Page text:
Problems with color shift (White Balance) on Nikon D800

Started Jan 19, 2013 | Discussions thread
Luke Kaven
Veteran MemberPosts: 5,195
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Re: Problems with color shift (White Balance) on Nikon D800
In reply to ronste, Jan 19, 2013

ronste wrote:

[...]Maybe if I had use the "Auto" White Balance would I not have seen this problem,

The conclusion must be that the arena light where I shoot change rapidly all the time (as you explain), and you cannot use a preset white balance for this type of location.
Because of this is it necessarily to use RAW.
Since this was my first shoot in arena light with the D800 I was surprised when I saw the first picture. I was afraid that the problem was D800, but the problem seems to be me that never had heard of the change of color temperature in an arena.
So today I have learned something new.

With some lights, such as florescent lights or sodium lights, due to the physics of how the light is produced, the resulting color temperature is a complex function of many different kinds of materials in a variety of different states.

With these complex lights, you do not get a simple "Kelvin" spectrum, derived from the spectral characteristics of simple matter called "black bodies".  The Sun is basically a black body radiator at 5750K and with a smooth curve, it can be color balanced to give a full spectrum using a linear function.  But these newer lights, most of them, cannot be white balanced at all.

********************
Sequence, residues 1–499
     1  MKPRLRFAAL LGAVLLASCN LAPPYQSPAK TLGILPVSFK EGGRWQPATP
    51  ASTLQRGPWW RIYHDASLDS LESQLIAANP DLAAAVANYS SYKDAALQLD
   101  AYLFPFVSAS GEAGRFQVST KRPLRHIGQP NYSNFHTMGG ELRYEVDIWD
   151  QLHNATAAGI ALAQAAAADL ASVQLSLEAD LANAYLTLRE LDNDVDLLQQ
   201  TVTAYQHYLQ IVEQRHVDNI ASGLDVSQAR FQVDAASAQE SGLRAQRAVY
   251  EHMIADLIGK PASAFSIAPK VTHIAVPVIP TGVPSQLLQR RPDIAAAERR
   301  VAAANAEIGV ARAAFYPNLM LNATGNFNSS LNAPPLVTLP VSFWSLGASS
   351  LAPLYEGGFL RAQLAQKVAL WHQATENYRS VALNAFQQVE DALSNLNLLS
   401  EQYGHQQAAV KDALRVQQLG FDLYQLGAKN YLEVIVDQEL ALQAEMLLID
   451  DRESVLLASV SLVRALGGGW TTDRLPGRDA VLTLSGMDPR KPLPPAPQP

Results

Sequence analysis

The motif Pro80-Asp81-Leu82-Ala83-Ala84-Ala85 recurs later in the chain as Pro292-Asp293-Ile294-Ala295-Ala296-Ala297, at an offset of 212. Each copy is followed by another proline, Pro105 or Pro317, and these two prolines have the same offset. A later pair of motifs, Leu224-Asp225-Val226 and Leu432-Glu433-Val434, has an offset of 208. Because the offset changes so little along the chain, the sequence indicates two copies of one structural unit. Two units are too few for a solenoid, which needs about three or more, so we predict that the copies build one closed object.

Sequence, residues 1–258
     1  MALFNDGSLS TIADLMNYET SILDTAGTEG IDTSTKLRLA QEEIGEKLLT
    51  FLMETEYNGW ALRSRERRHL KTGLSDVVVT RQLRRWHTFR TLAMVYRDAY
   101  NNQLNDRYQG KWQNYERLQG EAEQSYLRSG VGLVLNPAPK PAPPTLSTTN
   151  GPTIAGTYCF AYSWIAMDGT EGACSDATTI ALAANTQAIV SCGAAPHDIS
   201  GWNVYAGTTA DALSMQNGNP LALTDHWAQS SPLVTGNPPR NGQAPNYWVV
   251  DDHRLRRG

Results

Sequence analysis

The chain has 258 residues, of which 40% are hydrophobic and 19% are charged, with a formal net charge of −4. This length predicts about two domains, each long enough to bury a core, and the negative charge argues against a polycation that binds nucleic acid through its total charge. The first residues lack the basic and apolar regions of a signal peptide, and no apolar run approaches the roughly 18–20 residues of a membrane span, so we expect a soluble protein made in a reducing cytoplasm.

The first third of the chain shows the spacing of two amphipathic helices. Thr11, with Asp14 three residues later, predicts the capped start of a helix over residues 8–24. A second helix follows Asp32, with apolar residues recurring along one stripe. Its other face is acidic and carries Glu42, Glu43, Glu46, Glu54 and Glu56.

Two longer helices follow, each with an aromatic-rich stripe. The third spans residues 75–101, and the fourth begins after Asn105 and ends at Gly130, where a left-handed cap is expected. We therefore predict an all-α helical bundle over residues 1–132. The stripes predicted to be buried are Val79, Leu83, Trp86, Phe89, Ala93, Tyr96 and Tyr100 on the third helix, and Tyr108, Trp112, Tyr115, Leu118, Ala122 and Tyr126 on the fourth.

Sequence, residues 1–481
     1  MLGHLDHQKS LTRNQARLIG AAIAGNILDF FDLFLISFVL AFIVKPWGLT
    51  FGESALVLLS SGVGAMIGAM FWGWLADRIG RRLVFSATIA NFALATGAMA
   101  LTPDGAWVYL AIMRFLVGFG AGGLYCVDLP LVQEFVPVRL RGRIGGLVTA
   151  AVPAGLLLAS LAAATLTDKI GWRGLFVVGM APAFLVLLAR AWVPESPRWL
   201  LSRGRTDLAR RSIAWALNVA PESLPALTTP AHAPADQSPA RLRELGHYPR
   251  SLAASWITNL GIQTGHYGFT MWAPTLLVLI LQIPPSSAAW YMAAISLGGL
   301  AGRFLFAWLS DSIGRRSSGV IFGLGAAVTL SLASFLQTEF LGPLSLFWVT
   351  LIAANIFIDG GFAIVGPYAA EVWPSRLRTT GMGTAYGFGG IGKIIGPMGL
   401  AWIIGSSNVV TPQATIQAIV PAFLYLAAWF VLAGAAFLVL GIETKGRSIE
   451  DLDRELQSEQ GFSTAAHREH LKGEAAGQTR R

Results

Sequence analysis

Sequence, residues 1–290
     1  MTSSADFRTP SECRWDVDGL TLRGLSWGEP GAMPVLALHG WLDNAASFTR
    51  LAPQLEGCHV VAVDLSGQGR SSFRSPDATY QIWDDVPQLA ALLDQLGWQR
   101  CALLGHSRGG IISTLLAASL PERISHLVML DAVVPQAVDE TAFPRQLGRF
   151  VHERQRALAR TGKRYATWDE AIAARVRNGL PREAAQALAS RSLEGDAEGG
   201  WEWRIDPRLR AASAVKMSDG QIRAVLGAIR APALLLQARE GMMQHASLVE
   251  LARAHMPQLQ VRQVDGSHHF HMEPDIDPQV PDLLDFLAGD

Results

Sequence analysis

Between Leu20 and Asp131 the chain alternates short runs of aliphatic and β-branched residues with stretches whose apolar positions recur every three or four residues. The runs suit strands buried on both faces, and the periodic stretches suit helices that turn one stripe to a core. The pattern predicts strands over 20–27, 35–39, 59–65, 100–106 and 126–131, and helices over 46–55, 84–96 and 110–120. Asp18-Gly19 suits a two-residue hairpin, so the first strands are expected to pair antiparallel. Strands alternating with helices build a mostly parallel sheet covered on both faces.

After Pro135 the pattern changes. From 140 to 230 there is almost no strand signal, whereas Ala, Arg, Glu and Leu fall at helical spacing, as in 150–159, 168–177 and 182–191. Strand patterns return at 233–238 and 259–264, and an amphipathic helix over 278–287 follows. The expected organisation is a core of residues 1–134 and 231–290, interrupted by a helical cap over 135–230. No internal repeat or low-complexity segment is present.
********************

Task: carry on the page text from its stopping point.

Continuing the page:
Compare the color spectrum of an incandescent lamp with a florescent lamp in the image linked below.  Note the huge spikes added by the mercury.  One of those spikes is green, ghastly green.  Creating a white balance for this is hard.  You need a full color profile (e.g., QPcard) to get anything even approximate, and it will never be right.

http://upload.wikimedia.org/wikipedia/commons/b/b0/Spectral_Power_Distributions.png

When you buy bulbs from now on for photography, you are interested in what is called the CRI, or Color Rendering Index.  CRI = 100 is the sun.  You want CRI >= 93.  Most consumer bulbs are much much worse.

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